- Many big-name retailers have extended return dates or more lenient return policies in place during the holidays, according to ConsumerWorld.org.
- But at some stores, the return-by date varies widely by category.
Buyer's remorse may be easy to remedy this holiday season — just remember to mark your calendar.
Retailer return policies are more apt to fall on the "nice" list rather than "naughty," according to a new report from advocacy site ConsumerWorld.org, which has studied store return policies around the holidays for the past 15 years.
"Certainly the concept of having an extended holiday return policy seems to be very widespread," said founder Edgar Dworsky.
Many major retailers have deadlines of mid- to late January to return purchases made during the holiday season, he said.
For example, Amazon will accept returns through Jan. 31 for most items shipped Nov. 1 through Dec. 31, ConsumerWorld.org found, while Best Buy has a Jan. 12 returns deadline for most purchases made from Oct. 31 through Dec. 28.
But if a return is on your post-holiday to-do list, make sure you read the policy carefully.
Stores have become more apt to "slice and dice" their return policies by category, Dworsky said, so your timeline may be different for returning clothing versus jewelry versus an appliance. At Macy's, the report notes, the broad deadline is 180 days from purchase — but specific items have return windows of zero, 3, 14, 30, 45, 60 or 120 days.
"Even if a store is known for being overly generous, there are still some categories where they are cutting back," Dworsky said — notably, electronics.
Nor are all gadgets treated equally. A retailer may have different policies by brand or subcategory, he said. Target, for example, has a 30-day timeline for many electronics and entertainment items, but only a 15-day window for most Apple products, according to the report.
That policy variation can sometimes work in consumers' favor, too, with some retailers offering extra time for purchases of a store brand (Bed Bath & Beyond), or ones made with a store-brand credit card (Target).
But it's also worth noting that retailers' generosity is typically limited to shoppers who have a receipt (or gift receipt), or whose purchase is otherwise trackable in the retailer's systems. Without proof that you bought an item at that retailer at a specific price, shoppers can typically expect a credit equivalent to the lowest price in recent weeks — if it's accepted at all.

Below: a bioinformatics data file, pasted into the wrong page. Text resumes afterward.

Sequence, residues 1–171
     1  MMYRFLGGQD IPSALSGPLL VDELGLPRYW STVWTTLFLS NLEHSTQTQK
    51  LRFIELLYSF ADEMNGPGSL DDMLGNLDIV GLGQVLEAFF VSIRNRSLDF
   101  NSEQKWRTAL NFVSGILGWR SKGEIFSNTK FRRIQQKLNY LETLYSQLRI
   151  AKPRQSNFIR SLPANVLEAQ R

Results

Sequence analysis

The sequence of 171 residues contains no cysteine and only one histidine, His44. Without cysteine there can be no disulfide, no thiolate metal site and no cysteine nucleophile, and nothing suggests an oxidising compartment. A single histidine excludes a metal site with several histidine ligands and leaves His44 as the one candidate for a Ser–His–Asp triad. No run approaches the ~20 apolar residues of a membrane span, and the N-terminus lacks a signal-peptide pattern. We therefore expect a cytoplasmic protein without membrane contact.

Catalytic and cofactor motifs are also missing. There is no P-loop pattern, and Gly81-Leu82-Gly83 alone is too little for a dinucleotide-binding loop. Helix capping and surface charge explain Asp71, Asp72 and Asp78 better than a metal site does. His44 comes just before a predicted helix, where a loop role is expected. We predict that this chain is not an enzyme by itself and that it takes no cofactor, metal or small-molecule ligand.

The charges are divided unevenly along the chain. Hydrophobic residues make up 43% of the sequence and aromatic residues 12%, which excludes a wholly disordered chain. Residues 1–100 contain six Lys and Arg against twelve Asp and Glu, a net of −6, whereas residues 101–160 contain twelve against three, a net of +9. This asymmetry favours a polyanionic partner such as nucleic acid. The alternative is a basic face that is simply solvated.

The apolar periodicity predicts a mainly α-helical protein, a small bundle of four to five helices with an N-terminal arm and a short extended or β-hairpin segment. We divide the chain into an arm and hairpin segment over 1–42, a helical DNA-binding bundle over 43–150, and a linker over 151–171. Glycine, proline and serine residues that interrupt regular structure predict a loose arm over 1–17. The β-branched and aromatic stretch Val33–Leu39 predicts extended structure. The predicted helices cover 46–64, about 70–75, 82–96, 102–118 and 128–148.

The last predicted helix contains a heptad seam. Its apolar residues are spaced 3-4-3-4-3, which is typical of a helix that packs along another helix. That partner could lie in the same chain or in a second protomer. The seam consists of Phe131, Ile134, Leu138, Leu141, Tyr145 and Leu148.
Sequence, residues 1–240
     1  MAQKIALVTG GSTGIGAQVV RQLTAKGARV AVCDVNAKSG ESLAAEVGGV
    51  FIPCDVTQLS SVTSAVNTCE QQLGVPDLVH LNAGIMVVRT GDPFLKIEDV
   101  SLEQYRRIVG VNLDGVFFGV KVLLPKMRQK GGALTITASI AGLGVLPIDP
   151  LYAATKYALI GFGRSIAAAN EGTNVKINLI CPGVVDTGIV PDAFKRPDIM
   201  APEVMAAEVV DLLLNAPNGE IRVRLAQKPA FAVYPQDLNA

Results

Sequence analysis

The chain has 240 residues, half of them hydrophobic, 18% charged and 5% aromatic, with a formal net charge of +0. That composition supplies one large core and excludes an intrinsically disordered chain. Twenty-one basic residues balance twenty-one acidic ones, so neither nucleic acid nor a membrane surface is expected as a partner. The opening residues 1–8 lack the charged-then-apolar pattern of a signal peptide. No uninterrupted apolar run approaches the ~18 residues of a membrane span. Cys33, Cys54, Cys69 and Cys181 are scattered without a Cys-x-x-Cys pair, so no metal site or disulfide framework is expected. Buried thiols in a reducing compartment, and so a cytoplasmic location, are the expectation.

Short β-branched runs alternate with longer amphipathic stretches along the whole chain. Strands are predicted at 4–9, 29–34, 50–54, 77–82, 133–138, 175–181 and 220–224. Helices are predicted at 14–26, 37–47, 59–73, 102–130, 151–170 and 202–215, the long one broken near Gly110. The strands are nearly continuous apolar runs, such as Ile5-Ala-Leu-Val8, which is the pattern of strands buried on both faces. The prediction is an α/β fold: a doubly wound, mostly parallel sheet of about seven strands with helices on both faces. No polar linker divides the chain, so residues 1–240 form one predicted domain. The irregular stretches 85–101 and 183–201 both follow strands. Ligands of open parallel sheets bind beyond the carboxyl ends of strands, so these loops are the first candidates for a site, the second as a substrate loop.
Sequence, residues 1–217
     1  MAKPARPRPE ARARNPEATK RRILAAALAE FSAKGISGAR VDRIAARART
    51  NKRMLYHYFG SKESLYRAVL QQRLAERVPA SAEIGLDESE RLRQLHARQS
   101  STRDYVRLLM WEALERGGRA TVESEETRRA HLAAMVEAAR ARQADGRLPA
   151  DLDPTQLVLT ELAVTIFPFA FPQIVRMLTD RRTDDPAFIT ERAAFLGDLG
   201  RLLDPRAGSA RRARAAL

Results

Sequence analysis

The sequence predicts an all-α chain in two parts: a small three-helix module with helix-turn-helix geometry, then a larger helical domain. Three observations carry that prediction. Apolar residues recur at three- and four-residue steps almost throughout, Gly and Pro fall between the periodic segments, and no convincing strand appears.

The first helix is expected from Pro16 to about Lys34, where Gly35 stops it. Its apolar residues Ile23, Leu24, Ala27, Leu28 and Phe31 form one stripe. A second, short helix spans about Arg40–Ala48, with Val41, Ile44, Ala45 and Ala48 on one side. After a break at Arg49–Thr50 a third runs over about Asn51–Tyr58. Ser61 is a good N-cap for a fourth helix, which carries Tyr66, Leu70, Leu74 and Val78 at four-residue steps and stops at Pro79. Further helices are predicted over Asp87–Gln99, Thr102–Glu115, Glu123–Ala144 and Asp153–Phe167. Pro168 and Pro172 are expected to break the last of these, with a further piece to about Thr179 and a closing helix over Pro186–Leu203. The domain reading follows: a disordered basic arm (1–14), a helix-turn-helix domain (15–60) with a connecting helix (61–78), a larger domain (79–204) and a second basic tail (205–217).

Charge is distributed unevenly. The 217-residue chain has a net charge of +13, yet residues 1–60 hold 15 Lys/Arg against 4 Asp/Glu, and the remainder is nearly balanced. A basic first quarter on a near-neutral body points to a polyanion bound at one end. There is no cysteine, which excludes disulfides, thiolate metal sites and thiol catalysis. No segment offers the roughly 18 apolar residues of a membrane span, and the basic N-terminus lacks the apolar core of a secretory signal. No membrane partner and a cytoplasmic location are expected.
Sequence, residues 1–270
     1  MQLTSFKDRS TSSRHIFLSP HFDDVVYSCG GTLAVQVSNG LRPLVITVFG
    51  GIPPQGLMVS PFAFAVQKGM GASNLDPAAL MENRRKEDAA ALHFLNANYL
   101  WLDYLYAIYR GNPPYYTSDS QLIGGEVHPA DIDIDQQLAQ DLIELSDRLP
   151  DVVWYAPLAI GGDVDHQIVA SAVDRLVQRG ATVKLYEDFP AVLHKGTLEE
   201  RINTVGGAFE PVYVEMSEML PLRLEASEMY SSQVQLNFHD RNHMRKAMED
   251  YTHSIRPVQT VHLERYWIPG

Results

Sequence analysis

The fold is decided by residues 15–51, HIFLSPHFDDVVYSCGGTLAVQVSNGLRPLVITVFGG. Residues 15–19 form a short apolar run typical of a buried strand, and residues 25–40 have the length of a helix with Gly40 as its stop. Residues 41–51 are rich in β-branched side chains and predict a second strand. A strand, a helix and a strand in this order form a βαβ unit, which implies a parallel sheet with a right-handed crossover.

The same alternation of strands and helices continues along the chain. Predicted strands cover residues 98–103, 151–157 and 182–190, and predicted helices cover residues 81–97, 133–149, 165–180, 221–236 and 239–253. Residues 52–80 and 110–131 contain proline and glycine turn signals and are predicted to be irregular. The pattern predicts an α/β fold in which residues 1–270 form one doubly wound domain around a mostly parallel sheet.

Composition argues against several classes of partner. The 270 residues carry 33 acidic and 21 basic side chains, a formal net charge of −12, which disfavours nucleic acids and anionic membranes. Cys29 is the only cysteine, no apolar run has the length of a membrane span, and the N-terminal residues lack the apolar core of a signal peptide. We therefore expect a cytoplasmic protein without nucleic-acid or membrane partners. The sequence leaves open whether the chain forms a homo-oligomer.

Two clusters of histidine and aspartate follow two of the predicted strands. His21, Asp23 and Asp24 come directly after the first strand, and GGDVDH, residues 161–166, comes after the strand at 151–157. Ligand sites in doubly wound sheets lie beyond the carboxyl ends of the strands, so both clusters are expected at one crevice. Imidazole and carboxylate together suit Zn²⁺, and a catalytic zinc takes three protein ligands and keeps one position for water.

To make sure you know what to expect, confirm the details of the store's return policy online before you head out, said shopping expert Trae Bodge of TrueTrae.com. That can help you figure out your chances of a successful return, and whether you might encounter twists such as restocking charges or return shipping fees. A return might not be worth the effort.
"Weigh your options, and decide if reselling or regifting is a better option for you to get the value back," she said.
It helps to have not just the receipt, but as much of the original packaging and tags as you can find, she said.
"Make sure that what you're returning is in as salable condition as possible," Bodge said.
Another item to pack? Patience. Customer service representatives may have some leeway to bend the policy or accept a return at their discretion, she said — and you can't expect to receive such a favor if you're rude.
To that end, even if the retailer deadline is short, don't try to make returns on Dec. 26. That day, you're likely to find crowds are long and tempers, short, Dworsky said.
"Day after Christmas, go get all the 50-percent-off deals, but wait a few days before you get in the return line," he said. "Everyone will be in a much better mood."
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